He didn't get to bat on his debut, in a match against Ireland. And when he did, it took him a couple of innings to get to double figures. In fact, it was a classy half-century against Pakistan, in a dead rubber (which, incidentally, was Praveen Kumar's debut - he fittingly began his career with a maiden). Sharma's mode of dismissal was a familiar one - caught at long-on just when he was looking like winning the game. He was the topscorer though.
That innings, though not matchwinning, was significant in another sense - it got him a fixed spot for India's next one-day assignment: a tri-series in Australia, also featuring Sri Lanka. We know that series because India won it - we know it better because of Sachin's performances in the finals. Sharma managed to catch the eye of many with some vital contributions, including a couple of half-centuries.
It was after this that the lean period started. And by lean, I really mean string-thin. Much unlike the rope that the selectors were handing him. I don't mean it was a thick rope, I mean long. Okay, I could have set that up better. Point is, the stats for all the series (seven of them) between June '08 and June'09 are quite dismal. In the 25 innings in that period, he averaged in the low 20s with just one half-century, in a high-scoring loss to Pakistan.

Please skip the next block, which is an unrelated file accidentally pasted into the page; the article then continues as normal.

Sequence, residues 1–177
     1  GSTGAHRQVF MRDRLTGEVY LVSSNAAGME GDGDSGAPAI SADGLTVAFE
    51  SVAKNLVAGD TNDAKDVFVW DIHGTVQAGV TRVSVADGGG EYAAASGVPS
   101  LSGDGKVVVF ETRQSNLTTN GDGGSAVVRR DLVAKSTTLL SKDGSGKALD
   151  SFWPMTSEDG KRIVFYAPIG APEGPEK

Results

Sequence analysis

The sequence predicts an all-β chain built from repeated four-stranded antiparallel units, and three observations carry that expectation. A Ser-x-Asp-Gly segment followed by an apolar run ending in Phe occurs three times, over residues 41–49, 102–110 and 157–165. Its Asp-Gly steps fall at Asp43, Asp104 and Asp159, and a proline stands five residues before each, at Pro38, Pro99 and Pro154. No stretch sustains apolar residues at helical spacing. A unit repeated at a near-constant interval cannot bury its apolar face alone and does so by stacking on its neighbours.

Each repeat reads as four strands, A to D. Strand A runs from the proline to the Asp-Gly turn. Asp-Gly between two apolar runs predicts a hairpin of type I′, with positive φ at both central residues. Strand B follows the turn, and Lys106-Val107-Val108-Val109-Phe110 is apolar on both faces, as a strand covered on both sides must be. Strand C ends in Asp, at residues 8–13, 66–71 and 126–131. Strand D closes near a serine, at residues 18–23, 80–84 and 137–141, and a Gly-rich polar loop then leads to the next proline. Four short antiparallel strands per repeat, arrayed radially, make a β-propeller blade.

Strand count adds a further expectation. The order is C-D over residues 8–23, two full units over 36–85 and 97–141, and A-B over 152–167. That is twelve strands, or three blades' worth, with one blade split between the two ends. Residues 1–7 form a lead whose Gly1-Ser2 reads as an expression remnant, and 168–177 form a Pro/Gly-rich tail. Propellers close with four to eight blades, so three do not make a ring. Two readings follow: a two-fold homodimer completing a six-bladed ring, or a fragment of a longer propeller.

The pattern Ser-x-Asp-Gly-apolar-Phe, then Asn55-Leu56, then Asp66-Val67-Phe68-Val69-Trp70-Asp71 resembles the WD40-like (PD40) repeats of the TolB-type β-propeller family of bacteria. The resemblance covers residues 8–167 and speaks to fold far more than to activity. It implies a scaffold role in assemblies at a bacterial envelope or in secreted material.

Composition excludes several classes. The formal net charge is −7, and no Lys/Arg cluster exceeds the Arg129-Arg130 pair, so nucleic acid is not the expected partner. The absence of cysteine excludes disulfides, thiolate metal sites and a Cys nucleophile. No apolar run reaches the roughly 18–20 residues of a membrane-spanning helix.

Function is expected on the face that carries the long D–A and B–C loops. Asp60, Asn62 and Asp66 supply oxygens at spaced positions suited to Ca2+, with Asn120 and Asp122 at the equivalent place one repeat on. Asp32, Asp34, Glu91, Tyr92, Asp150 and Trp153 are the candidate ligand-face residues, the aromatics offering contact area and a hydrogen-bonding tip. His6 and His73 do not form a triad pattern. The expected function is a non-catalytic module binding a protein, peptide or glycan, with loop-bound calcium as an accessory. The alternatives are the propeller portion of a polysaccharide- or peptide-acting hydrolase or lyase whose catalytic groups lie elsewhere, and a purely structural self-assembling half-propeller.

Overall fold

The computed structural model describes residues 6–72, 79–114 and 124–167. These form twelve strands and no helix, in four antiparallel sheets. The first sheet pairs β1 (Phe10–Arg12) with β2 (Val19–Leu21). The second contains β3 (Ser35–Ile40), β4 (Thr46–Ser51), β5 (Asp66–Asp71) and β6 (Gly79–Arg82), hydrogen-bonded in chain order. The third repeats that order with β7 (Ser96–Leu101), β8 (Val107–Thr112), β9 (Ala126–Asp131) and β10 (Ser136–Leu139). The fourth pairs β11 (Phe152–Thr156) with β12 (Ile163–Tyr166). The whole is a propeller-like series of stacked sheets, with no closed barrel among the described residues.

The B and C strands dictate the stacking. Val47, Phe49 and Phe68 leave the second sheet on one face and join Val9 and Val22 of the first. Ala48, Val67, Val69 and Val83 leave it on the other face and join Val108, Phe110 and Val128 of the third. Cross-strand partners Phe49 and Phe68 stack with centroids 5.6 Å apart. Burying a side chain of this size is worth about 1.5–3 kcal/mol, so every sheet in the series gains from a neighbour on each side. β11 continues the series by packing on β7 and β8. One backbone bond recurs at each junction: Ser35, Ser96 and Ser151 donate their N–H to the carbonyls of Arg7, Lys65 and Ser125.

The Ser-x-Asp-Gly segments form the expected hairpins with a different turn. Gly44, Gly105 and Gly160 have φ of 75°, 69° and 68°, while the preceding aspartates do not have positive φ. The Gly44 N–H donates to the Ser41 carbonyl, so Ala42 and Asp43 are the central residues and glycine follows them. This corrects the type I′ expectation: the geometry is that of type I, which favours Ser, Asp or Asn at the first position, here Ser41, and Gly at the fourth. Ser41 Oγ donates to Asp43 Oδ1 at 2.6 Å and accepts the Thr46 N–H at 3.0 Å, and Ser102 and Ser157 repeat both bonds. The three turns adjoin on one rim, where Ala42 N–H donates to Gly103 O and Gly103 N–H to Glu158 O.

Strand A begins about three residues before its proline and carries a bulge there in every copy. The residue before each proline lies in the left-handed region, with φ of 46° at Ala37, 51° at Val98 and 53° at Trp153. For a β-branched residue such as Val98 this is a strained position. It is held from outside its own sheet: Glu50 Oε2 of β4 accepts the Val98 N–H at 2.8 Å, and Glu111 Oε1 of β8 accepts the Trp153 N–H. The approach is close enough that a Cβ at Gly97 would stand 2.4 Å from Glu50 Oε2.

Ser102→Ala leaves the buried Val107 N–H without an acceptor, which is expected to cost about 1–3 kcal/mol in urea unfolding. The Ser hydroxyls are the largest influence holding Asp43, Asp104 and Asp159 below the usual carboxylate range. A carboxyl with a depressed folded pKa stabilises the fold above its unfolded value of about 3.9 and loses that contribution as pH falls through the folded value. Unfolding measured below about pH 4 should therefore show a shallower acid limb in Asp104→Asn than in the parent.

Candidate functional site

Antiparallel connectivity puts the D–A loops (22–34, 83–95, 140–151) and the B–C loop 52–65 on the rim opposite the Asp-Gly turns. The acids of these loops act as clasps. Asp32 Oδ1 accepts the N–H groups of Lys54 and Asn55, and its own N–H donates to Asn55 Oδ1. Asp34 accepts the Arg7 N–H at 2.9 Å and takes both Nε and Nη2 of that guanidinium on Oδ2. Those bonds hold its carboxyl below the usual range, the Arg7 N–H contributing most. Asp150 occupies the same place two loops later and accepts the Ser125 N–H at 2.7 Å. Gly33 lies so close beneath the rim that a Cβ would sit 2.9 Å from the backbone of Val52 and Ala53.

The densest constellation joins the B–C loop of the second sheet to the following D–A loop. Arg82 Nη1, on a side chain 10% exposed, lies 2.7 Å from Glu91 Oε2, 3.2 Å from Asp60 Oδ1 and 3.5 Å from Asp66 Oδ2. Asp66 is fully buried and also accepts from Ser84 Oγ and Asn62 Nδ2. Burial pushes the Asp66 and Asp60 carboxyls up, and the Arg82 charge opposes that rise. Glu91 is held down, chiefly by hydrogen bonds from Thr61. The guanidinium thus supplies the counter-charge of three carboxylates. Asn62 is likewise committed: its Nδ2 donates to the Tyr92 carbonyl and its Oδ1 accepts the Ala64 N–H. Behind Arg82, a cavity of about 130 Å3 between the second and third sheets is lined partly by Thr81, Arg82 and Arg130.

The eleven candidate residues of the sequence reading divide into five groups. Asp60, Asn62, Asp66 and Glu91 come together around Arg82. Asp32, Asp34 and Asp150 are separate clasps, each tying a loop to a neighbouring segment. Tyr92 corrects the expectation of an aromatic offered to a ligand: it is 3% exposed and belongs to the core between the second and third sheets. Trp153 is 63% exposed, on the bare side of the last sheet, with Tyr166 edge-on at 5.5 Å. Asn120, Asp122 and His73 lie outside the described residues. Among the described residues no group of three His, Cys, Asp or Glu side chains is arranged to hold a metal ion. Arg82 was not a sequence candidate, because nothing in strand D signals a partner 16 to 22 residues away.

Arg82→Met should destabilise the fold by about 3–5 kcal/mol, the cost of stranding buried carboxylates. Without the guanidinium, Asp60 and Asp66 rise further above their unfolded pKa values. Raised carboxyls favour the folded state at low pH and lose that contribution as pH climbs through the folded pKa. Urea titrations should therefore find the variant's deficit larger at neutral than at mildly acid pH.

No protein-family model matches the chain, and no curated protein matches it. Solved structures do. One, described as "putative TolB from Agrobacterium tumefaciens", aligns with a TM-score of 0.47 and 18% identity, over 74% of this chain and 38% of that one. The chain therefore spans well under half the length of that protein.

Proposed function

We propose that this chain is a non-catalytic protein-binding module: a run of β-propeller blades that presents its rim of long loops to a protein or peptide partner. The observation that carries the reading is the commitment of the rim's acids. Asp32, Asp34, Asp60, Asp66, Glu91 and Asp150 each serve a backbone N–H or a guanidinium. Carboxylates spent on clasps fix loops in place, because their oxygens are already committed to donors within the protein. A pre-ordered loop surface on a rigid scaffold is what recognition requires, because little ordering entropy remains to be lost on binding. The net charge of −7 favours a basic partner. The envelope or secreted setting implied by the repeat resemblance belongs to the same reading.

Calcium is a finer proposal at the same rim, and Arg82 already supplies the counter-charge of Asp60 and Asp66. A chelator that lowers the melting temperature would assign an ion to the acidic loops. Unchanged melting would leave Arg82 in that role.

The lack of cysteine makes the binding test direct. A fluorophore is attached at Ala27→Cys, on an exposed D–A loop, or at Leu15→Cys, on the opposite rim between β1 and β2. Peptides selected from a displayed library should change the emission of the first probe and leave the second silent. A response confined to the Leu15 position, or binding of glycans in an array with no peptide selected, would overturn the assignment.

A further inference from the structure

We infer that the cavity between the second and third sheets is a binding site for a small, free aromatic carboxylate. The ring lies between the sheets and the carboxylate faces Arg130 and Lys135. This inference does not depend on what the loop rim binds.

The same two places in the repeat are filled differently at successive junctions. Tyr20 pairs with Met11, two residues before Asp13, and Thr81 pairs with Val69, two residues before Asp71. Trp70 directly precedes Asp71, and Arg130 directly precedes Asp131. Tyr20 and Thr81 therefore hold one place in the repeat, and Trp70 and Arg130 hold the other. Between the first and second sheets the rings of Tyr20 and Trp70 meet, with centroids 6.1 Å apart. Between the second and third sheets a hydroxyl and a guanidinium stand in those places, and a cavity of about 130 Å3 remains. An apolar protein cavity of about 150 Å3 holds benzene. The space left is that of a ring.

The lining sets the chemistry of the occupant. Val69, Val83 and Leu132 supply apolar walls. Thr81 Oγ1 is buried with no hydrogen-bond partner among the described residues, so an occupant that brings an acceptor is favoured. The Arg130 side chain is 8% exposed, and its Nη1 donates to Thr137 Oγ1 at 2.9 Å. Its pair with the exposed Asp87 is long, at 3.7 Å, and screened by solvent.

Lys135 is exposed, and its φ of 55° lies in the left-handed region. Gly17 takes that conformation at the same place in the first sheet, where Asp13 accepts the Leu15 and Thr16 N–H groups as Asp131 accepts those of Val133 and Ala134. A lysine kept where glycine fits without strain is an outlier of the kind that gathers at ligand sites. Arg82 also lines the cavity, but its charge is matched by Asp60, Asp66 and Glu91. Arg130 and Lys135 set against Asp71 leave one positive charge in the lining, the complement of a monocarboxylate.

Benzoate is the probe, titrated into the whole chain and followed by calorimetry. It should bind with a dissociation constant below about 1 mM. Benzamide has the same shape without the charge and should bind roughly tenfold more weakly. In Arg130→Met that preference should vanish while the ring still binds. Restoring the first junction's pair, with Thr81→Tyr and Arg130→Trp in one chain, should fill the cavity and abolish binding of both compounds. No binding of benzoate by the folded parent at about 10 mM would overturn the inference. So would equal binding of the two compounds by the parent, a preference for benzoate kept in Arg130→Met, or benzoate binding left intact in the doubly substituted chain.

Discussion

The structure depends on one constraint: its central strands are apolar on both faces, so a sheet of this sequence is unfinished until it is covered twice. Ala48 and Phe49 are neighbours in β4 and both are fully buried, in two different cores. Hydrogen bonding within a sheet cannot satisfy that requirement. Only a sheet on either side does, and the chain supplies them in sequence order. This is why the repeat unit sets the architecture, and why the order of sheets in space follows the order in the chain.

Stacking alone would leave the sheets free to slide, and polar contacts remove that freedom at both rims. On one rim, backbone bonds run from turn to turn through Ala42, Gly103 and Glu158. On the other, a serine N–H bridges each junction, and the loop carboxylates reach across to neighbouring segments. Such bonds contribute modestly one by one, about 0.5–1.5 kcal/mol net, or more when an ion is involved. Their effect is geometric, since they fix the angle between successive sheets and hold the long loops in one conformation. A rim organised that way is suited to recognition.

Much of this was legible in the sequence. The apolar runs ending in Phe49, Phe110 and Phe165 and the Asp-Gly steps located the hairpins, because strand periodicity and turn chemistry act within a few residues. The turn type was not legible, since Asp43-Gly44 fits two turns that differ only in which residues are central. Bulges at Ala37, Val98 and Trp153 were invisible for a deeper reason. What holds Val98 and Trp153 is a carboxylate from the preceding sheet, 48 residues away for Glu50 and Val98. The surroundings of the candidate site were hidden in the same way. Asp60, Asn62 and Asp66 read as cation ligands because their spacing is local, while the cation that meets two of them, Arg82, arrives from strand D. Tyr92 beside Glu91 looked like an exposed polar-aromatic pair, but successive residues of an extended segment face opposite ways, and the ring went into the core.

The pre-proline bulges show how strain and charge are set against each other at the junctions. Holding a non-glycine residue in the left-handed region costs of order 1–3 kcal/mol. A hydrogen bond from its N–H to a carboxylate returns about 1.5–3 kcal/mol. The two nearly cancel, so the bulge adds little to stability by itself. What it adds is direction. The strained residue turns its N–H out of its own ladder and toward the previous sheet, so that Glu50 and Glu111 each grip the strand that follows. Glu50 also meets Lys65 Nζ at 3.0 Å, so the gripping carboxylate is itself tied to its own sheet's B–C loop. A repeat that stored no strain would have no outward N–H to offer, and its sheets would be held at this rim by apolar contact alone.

It was eight months before he played his next ODI - and he scored 48 in a dead rubber against South Africa, chasing 365. It probably didn't matter much, but there's a tiny chance that it influenced his selection to the tour of Zimbabwe. Yeah, he probably would've been picked in that second-string side even if he had come off a bunch of ducks in domestic games (that is a really strange sentence). Anyway, he was a bright shining light for India in that seemingly pointless series. Bright, bright, shiny light. And by that I mean he scored a couple of hundreds (his only ones so far) and then fizzled out.
His performance in India's successful Asia Cup campaign meant more praise, and also that he was firmly back in the general scheme of things. Until, of course, the next tournament. 20 runs in 4 innings against Sri Lanka and New Zealand, followed by 49 runs in 5 innings in South Africa pretty much sealed his fate ahead of the World Cup. And the rest, as they say, is history.
Except it isn't. It was a really good way to end that last paragraph though, right? Anyway, it isn't history. It's fairly recent. And that ODI series against the West Indies? Ended last week. Definitely not history. And Sharma batted remarkably well in a series where the only consistent thing about India's batting was its tendency to succumb to the domino effect.
So, this could be a complete turnaround and be the first series of the rest of his career, or it could be one of his many flashes in the pan. He could be RG or WG. Provides some super content to write on, either way.
Note 1: This was first published at Sportskeeda, where it could win me an iPhone 4 - all you have to is head over to it and 'like' it, and comment if you want to.
Note 2: I started writing this around the time of the 4th ODI and forgot about it. So yeah, it's a bit delayed, and not too dated hopefully.